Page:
Suppliers Building Self-Driving Cars for Google, Tesla, Maybe Apple | Re/code

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Roush, a boutique automotive supplier based in Michigan, assembled the car’s exterior. LG Chemical, a subsidiary of the Korean manufacturer, made the batteries. A handful of German specialists — Continental, Bosch, Frimo and ZFLS — were behind components like powertrain, brakes and steering wheels.These companies are not new to the automotive world. Continental and Bosch are multibillion-dollar businesses, supplying traditional and autonomous parts to a range of car companies. When it comes to self-driving, the German companies echo the carmakers: Autonomy is a process, starting with driver assistance features — like automatic lane braking and parking — and, as consumers adapt, progressing to full self-driving.Sales of Bosch’s Mobility Solutions unit, which sells smart-car features, grew at twice the industry pace last year, according to the company. (A month after Google announced its partners, Bosch acquired ZFLS.) By 2017, Continental projects that it will net $1.3 billion in revenue from systems that build autonomy into brakes, acceleration and steering. Enno Pigge, a Continental rep, said the company is providing some parts to Tesla, but would not say which ones. Frimo and Roush, Google’s other partners, declined to comment.Another force in the field is Magna International, a Canadian manufacturer. It’s a supplier, selling a range of semi-autonomous features to carmakers, but it also runs a vehicle-assembly subsidiary. That gives it an edge. Morgan Stanley wrote that Magna could do what “Foxconn does today for Apple,” for Google, Uber and the growing list of tech companies looking to build self-driving cars. Swamy Kotagiri, Magna’s chief technology officer, deflected the moniker, but said the company sees itself in a good market position. “The one differentiating factor is the breadth of automotive expertise,” he said. “We look at it more as a holistic view.”The EyesMore critical than having smart components inside, a self-driving car needs to see. There’s some dispute about how to do it best. The best option may be Lidar, a remote sensing technology that uses lasers to map out surroundings — in addition to cars, the tech is deployed in agriculture, geology and military defense. But Lidar is not cheap.VelodyneThe Velodyne “Puck” LidarVelodyne, a 32-year-old company that started in subwoofer technology, branched out into Lidar a decade ago and has become a market leader. It builds three different products: A powerful $80,000 sensor (used by some trucking companies); a $32,000 model; and, released last year, its palm-sized “Puck,” which costs $8,000.As autonomous tech spreads in the coming years, the company expects a surge in demand from carmakers for the cheaper two products, said Wolfgang Juchmann, sales director for Velodyne’s Lidar division. Google, which makes its owns Lidar, also buys from Velodyne, shelling out for the priciest model. (Velodyne would not comment on Apple, but its equipment has been spotted on Apple’s mapping vans.)Quanergy, a newcomer building Lidar, claims it will bring down the prize to $100 by 2018.For now, a thriftier alternative to Lidar are high-tech cameras. Mobileye, an Israel-based company with a market cap of around $10 billion, is emerging as the dominant supplier here. More than 90 percent of carmakers have partnered with Mobileye, the company said. Tesla buys its cameras, which are laced with Mobileye’s advanced software and chips. Earlier this month, GM said it was working with Mobileye to test self-driving features on the hybrid Chevy Volt.Mobileye’s full hardware and software package, which includes a 360-degree view around cars, can cost less than $1,000 for car companies, said chief communication officer and SVP Yonah Lloyd. “For the car industry, cost is a major consideration,” he added. Here is its perception system picking out pedestrians:Cameras are not only cheaper, but they often have better resolution, and can see certain elements on the roadways — lane markers, traffic lights — that Lidar misses. A few startups, like Nauto and Cruise, are deploying cameras coupled with smart computer-vision algorithms to retrofit cars with driver-assistance technology that set the stage for full autonomy.The BrainsOnce a car has the parts to drive alone and see, it still needs an obscene amount of processing power. Enter the chipmakers. Some familiar titans from the mobile world, like Qualcomm and Samsung, are moving into the car industry, providing the graphical interfaces behind the advanced vision systems requisite for autonomous driving.The company ahead of the curve, however, is Nvidia, which is primarily known for producing chips behind video games. It has shifted its attention to cars, starting in 2007 when its systems powered the integration of Google Earth inside an Audi. Nvidia said its automotive unit posted 85 percent annual growth in sales for the last fiscal year. Several luxury carmakers use its supercomputers, which can take the reams of data coming from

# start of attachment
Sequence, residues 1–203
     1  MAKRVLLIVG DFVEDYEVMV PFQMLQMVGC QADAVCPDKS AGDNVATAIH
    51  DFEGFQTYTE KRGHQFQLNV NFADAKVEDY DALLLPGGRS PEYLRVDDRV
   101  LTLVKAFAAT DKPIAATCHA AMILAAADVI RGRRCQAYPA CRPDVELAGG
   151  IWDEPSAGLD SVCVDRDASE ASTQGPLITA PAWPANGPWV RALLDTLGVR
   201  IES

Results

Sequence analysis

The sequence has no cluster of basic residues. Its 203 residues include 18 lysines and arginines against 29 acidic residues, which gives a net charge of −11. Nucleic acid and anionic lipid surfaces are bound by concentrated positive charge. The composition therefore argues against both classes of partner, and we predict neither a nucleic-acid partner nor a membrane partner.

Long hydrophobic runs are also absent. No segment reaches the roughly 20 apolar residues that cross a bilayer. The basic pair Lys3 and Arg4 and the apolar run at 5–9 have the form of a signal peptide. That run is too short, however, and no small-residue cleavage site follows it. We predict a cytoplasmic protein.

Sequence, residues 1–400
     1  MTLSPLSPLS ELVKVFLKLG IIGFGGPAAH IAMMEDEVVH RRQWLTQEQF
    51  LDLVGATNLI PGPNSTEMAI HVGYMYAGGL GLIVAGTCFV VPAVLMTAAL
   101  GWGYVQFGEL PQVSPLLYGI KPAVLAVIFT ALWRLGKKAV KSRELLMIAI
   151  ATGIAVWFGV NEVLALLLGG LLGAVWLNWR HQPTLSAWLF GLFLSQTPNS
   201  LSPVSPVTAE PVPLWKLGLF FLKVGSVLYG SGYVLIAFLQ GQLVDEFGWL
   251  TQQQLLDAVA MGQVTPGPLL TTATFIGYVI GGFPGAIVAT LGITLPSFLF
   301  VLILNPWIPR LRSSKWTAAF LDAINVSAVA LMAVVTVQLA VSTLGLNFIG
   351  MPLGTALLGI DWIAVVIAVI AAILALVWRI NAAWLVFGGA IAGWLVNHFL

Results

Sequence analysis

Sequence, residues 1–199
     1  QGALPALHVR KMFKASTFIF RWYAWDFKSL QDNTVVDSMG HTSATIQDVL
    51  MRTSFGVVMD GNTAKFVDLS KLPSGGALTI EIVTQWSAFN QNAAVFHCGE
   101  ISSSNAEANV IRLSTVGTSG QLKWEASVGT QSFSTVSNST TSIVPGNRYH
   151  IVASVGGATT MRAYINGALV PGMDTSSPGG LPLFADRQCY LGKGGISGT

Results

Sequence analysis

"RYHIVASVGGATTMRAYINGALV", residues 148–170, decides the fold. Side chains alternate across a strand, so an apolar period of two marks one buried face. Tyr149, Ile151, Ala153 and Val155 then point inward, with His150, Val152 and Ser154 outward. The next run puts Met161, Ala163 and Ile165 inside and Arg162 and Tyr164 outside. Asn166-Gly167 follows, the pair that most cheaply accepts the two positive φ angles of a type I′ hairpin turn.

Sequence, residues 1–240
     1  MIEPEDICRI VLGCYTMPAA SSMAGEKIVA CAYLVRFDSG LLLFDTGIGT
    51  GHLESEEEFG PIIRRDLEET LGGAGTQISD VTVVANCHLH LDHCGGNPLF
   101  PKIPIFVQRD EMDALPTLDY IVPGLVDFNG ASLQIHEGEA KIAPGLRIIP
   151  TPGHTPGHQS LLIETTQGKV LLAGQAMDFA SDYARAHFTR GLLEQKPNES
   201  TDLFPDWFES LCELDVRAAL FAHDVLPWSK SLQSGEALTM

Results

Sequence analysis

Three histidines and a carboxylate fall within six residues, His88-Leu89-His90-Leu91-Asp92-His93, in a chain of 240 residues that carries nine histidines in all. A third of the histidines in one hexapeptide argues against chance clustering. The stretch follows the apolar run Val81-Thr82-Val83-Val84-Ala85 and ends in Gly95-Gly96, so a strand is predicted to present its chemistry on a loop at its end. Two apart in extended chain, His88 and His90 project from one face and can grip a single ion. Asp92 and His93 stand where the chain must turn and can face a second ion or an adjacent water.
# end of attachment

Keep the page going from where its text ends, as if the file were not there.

Source: Suppliers Building Self-Driving Cars for Google, Tesla, Maybe Apple | Re/code

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